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Healthy Settings and Health Promotion

The Healthy Settings movement came out of the WHO Strategy of Health for All and the approach was more clearly laid out in the Ottawa Charter for Health Promotion in 1986. (See "Milestones in Health Promotion - Statement from conferences since the Ottowa Charter" for how thinking on health promotion has developed since the Ottowa Charter.)

A healthy setting is

“The place or social context in which people engage in daily activities in which environmental, organizational, and personal factors interact to affect health and wellbeing.” (Source : Health Promotion Glossary


where people actively use and shape the environment; thus it is also where people create or solve problems relating to health. Settings can normally be identified as having physical boundaries, a range of people with defined roles, and an organizational structure.

Or, put another way,

“Health is created and lived by people within the settings of their everyday life; where they learn, work, play and love” (Ottowa Charter, 1986)

Settings can be used to promote health as they are vehicles to reach individuals, to gain access to services, and to synergistically bring together the interactions throughout the wider community. They are particularly valuable when tackling health problems that required the involvement of several agencies.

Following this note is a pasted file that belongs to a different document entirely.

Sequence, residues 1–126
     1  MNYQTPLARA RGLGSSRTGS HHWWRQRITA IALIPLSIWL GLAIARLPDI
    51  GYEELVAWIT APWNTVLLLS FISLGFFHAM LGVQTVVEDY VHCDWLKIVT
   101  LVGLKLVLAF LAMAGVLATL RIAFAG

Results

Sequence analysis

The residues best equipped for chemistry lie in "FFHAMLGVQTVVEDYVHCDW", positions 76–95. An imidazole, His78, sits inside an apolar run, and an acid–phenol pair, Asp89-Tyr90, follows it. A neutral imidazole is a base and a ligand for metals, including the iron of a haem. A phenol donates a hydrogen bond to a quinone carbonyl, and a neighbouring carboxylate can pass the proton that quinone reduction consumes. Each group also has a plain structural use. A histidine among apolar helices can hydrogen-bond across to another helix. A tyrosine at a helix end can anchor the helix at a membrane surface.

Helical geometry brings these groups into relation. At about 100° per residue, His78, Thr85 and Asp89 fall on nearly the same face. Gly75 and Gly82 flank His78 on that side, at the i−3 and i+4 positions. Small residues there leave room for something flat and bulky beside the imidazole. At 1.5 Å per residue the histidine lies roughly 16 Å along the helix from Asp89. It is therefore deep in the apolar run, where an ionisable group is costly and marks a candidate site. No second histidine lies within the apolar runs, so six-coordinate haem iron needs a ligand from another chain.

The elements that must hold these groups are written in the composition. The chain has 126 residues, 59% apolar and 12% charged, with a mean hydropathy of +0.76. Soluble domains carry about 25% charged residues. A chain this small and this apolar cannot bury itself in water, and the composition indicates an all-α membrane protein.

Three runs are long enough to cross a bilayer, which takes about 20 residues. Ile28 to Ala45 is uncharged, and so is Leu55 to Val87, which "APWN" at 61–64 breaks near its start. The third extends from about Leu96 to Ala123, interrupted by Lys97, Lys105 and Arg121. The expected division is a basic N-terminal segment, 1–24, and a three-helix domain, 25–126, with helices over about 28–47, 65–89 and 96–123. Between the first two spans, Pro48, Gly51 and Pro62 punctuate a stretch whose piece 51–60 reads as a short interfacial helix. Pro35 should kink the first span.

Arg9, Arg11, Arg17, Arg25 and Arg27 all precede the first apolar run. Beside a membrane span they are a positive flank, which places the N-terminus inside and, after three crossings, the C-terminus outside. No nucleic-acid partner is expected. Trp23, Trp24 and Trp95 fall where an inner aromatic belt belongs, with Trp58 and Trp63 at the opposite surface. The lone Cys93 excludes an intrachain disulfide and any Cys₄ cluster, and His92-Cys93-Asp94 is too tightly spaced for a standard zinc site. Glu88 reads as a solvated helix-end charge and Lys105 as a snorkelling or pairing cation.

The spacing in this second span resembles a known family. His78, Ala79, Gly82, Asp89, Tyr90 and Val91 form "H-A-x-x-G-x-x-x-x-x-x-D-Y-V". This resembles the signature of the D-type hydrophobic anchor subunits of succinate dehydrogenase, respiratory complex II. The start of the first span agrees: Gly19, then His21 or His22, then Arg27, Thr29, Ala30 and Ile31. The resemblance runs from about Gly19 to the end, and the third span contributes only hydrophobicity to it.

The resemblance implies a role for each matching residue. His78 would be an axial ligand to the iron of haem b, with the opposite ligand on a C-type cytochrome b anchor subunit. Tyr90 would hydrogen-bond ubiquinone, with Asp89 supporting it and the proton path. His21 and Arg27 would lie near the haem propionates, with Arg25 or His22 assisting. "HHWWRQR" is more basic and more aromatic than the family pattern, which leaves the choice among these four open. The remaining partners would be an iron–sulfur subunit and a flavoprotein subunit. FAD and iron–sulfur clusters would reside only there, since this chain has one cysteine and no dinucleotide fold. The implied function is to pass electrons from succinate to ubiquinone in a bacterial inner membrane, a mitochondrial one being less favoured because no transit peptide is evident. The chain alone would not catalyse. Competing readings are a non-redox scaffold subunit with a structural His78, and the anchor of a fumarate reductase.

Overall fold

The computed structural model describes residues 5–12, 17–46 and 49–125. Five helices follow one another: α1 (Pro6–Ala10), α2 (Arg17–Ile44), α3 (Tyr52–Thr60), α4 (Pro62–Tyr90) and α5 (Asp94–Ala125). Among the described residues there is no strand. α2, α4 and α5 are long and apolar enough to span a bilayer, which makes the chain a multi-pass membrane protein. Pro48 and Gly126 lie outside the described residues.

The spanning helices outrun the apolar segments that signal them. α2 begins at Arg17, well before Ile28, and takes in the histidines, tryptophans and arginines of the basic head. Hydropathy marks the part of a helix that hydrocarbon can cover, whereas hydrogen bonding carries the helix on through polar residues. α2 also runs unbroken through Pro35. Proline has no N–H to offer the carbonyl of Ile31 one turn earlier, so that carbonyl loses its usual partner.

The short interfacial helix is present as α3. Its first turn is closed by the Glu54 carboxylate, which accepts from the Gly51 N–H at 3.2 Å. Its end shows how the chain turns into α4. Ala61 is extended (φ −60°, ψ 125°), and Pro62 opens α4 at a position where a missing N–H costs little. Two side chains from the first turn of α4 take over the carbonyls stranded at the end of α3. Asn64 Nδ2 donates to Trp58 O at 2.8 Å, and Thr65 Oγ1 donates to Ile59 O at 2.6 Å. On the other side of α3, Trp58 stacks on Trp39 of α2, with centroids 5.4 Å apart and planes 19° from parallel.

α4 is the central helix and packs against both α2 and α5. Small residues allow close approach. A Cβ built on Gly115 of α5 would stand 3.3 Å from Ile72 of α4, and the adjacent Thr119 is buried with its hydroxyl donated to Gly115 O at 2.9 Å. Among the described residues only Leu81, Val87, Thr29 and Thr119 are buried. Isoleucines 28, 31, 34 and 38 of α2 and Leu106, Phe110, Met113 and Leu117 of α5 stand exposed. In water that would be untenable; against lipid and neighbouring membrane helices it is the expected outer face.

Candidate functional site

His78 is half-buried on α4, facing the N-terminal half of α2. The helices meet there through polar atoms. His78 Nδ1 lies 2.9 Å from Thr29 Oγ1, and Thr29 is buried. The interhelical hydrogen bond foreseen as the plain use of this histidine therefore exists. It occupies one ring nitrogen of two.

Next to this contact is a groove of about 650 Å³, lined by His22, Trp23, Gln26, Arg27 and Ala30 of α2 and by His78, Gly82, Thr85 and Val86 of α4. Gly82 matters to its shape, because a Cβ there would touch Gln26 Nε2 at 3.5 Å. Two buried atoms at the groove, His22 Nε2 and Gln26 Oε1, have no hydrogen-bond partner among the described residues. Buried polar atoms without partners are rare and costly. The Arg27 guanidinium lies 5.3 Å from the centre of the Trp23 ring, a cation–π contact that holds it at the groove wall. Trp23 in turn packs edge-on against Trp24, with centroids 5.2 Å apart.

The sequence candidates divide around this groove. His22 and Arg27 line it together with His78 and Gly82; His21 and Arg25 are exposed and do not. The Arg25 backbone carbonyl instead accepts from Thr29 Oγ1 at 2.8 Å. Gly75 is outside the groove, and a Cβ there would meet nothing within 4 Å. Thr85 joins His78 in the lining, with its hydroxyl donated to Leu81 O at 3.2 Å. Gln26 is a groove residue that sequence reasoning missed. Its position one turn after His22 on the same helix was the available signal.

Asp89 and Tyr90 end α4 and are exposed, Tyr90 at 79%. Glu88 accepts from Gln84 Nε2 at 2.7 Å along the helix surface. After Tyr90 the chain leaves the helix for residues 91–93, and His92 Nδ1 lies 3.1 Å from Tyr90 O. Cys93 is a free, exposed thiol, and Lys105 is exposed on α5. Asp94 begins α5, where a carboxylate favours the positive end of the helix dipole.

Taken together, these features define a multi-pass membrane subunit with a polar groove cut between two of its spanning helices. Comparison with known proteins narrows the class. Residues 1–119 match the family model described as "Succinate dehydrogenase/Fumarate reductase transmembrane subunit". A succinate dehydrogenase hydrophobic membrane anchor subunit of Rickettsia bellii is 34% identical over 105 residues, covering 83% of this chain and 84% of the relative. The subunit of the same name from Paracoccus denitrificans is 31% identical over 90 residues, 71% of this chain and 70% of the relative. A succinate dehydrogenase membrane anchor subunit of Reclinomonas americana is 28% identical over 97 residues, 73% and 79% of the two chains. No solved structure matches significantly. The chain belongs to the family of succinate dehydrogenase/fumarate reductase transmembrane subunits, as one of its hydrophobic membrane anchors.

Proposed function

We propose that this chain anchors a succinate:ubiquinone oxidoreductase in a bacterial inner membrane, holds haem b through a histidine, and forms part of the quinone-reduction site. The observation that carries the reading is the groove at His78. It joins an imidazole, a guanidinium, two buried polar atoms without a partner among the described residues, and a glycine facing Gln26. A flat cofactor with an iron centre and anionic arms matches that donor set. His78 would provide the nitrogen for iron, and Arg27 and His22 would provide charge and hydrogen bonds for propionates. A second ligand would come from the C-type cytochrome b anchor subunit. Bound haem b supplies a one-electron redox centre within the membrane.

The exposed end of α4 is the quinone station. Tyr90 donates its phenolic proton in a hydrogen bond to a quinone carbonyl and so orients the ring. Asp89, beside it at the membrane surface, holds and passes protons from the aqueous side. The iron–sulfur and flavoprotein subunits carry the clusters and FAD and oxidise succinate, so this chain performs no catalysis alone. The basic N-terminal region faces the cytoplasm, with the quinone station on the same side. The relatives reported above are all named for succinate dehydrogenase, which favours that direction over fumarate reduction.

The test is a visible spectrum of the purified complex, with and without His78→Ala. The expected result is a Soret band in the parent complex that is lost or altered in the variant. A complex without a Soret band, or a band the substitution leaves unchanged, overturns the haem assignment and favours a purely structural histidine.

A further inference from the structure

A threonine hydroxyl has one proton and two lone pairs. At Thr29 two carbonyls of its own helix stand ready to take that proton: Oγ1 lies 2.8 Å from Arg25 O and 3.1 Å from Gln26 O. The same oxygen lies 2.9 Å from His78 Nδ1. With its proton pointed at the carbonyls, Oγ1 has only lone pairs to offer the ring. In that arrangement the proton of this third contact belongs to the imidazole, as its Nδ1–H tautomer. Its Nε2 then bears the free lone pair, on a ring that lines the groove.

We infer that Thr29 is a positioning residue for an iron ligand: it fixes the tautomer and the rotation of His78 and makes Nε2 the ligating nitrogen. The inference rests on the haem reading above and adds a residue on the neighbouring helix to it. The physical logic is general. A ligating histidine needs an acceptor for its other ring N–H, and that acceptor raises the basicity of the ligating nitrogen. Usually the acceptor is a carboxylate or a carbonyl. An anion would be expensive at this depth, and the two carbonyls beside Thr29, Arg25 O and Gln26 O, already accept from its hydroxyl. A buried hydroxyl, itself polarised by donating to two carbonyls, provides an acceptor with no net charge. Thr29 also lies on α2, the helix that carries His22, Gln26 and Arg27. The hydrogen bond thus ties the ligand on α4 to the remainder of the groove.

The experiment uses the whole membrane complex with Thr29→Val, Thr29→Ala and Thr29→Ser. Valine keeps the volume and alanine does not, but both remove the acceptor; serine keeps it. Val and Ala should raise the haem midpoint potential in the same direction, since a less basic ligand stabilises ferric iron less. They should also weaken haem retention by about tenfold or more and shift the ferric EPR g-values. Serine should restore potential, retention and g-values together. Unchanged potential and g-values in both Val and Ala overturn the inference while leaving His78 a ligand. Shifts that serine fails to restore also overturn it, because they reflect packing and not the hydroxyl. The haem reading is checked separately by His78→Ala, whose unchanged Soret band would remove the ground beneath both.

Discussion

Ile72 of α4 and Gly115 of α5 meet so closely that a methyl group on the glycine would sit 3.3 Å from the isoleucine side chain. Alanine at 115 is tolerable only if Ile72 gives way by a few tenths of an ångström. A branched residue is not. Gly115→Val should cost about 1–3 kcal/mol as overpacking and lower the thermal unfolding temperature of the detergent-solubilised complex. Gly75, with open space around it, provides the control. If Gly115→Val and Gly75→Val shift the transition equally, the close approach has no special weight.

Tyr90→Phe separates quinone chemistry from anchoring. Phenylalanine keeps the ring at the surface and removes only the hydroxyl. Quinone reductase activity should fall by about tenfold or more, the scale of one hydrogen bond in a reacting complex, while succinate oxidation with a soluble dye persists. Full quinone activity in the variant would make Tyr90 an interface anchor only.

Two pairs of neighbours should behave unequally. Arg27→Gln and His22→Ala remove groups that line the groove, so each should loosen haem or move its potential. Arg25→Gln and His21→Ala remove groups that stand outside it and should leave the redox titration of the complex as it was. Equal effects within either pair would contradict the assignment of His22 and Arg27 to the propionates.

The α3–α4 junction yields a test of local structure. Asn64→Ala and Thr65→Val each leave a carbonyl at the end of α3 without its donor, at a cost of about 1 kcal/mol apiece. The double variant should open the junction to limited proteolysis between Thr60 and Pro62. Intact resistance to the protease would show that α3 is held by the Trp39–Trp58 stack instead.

Actions often involve some level of organizational development, including changes to the physical environment or to the organizational structure, administration and management. 

Examples include Healthy Schools, Prisons, Workplaces, Cities, Towns and Villages.


Policy developments since the Ottowa Charter

Building on the Ottawa Charter, the Sundsvall Statement of 1992 called for the creation of supportive environments with a focus on settings for health. In 1997, the Jakarta Declaration emphasized the value of settings for implementing comprehensive strategies and providing an infrastructure for health promotion. Today, various settings are used to facilitate the improvement of public health throughout the world.


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